If you thought that Hellcats, the new CW series about collegiate competitive cheerleading, would do for that sport what Glee did for high school music programs, you had the same thought process as the creators of this series. Or perhaps I should say the same hopes, as Hellcats follows many of the same beats as the FOX mega-hit in an attempt to create a sense of ongoing narrative and develop its lead character. But of course, Hellcats is not Glee.
The series wants to think it is, though. The pilot episode quickly introduces the lead character Marti Perkins, who is this series’ Finn Hudson. She’s a townie but can’t wait to get out of Memphis (as if it’s such a horrible place to live!), and is hoping that her dreams of being a lawyer can get her there. When her scholarship is taken away, she must find funding because her lower class single mom can’t do it all on her own and so she tries out for one of the university’s most prestigious programs: its cheerleading squad! But even though she’s an outsider, she can actually dance! What?!
And thanks to some budget cuts (this sounds familiar) that have to go to another, better program, which in this case, it’s odd because the funds are going away from cheerleading and towards football (either way, still familiar), the Hellcats have to place at an upcoming competition or they’re…DONE! This sounds familiar. There is some mention about a local competition and then nationals, blah blah, it’s all the same imaginary rhetoric to create stakes Glee used, except now that we’ve watched it once there, it seems even more annoying here. But because of those possible budget cuts, Marti’s “unique” dancing style is going to be the spark (just like Finn’s voice!) the team needs to really place at upcoming competition X.
The similarities to Glee don’t stop there, as it looks as if we’ll be seeing one or two “random” dance sequences each week that we’re supposed to believe are totally off-the-cuff. I loved how the Hellcats have fans who come to watch even their practices and just cannot resist getting down themselves as their favorite cheer squad practices. Yikes.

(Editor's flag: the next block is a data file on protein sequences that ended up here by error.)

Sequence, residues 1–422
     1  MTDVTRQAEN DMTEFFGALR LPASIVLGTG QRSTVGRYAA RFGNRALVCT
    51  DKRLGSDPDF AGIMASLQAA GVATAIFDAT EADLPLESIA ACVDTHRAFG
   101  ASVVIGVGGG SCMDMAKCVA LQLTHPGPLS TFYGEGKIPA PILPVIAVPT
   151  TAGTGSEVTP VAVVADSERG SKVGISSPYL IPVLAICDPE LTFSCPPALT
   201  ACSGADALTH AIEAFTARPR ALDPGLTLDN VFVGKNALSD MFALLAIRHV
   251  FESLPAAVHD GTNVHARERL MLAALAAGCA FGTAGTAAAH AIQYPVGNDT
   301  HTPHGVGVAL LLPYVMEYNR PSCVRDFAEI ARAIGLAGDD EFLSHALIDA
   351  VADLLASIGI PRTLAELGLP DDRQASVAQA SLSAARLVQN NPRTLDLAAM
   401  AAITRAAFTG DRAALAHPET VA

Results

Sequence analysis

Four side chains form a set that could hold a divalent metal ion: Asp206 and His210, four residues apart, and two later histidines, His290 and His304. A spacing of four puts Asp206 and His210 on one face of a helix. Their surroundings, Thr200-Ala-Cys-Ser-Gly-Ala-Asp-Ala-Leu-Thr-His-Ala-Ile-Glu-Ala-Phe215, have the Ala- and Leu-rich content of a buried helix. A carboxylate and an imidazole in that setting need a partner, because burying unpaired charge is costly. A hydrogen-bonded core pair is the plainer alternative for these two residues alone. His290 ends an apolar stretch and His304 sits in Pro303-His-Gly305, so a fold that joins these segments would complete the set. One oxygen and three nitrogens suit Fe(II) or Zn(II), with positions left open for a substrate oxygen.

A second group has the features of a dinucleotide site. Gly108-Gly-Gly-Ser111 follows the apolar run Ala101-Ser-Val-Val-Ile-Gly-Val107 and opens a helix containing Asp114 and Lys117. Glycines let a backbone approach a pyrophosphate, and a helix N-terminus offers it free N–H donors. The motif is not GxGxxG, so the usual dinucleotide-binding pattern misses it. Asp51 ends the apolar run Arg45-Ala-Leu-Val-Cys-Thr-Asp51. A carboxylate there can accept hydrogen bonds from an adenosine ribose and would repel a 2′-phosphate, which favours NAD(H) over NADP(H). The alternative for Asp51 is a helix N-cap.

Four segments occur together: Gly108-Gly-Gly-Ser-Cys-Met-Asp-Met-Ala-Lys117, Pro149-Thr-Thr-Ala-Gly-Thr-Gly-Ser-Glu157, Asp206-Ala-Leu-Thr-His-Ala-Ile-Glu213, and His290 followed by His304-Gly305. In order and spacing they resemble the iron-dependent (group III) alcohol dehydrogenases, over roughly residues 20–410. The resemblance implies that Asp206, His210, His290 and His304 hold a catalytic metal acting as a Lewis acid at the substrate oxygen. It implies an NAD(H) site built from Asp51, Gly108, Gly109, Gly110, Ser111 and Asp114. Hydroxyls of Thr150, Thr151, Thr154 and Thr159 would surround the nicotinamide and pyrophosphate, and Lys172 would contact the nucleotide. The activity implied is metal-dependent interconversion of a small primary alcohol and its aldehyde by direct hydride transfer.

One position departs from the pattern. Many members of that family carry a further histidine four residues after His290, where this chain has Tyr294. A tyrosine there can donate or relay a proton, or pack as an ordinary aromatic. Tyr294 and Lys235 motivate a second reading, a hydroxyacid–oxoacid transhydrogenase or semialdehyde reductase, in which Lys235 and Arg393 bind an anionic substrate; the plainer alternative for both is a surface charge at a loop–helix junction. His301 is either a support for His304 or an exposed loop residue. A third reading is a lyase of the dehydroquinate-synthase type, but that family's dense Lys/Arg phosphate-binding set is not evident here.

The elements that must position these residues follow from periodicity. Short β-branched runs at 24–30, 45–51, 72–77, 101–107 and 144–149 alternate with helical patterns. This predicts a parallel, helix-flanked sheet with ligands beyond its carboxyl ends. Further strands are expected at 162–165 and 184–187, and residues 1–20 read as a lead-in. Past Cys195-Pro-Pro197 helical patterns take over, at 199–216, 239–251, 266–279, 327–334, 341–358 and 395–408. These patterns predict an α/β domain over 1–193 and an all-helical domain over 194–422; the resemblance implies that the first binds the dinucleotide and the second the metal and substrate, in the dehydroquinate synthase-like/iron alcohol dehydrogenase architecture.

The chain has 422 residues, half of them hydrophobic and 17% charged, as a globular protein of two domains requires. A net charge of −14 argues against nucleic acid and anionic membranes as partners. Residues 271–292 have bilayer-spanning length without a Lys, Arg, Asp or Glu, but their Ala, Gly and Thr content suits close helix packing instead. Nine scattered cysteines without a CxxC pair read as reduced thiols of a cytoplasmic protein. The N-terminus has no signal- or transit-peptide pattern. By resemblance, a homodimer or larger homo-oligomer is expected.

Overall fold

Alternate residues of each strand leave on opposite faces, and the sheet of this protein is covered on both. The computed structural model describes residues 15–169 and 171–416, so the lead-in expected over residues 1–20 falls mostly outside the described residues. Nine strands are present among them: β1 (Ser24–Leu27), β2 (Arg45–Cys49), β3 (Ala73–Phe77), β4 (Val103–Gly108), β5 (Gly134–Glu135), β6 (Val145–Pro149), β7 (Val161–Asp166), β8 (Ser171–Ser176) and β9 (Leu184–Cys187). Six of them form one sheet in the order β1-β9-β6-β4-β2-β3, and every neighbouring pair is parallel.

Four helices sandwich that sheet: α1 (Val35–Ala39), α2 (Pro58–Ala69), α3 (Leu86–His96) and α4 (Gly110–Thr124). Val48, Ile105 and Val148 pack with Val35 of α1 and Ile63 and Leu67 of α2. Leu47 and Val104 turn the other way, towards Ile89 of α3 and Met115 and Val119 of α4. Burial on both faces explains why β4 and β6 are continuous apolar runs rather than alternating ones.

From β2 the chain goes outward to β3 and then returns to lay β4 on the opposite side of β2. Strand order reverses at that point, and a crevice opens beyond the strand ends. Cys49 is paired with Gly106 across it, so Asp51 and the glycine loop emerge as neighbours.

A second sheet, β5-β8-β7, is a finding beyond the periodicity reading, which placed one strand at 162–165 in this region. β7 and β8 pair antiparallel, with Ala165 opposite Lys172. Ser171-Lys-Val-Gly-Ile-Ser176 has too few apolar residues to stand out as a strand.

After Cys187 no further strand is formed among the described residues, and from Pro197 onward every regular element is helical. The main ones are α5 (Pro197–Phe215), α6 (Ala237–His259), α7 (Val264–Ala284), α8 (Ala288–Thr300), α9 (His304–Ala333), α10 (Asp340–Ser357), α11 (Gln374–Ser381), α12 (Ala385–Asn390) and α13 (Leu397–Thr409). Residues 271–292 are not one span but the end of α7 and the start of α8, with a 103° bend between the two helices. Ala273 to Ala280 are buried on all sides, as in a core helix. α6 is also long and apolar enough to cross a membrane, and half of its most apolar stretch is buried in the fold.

More seriously though, despite its obvious influences (I appreciate the attempts to acknowledge the greatness that is “Bring It On!”), Hellcats isn’t really all that bad. The pilot is fairly formulaic in structure: Outsider joins team to resistance of some, excitement of others and is not sure how she’ll balance the new world with the old. Half the season’s arc can already be plotted out, as can the character beats: I can’t wait until townie friend Dan gets tired of how Marti’s “changed,” but still finds himself hooking up with the cheer captain Savannah or when Marti has to choose between a big pre-law course exam and practice and makes the wrong decision. We all know how this is going to go.
However, the execution is solid enough and the actors, who are all familiar despite not being that great in any one role (aside from Aaron Douglas and DB Woodside, obviously) fit into their roles nicely. It’s actually refreshing to have a series set in college so the actors can play their age a little more with realism. Moreover, there aren’t as many specific types as you’d expect. Savannah isn’t really that much of a uber-bitch and Robbie Jones’ Lewis isn’t a dumb super-jock cheerleader (that’s a thing, right?) either. They aren’t anything special, but it’s nice to start with more subtly instead of such broad strokes when we all know that these people will end up as friends or sexual partners anyway. All the actors, particularly leads Alyson Michalka and Ashley Tisdale and Michalka and Jones, have solid, light chemistry. The adult storylines are totally undefined and feel tacked-on and I’m pretty sure they are since DB Woodside’s character was added in later. I get that we’re supposed to care about the coach, but bringing back an old flame when we’re not even sure what the relationship is with Woodside’s character muddles things early on. I’m happy there is an adult group, but it’s going to need to be more fleshed out moving forward.
Finally, one that differs Hellcats from Glee is that it seems to take itself more seriously, but at the same time not in the mood to preach. Glee is obviously funny and goofy at times, but the desire to recite a middle school report on an “issue” each week brings that down. Whereas here, cheerleading is more or less respected and thought of as sport, but the characters themselves don’t feel the need to discuss big issues or be lectured by their coach. It gives the series less definition in terms of where the stories go (I’m guessing a lot like One Tree Hill), but it’s also less pushy.
Hellcats surely won’t be one of the season’s best new series, but it’s safe and middle-of-the-road enough to be a successful CW product that isn’t really offensive to anyone.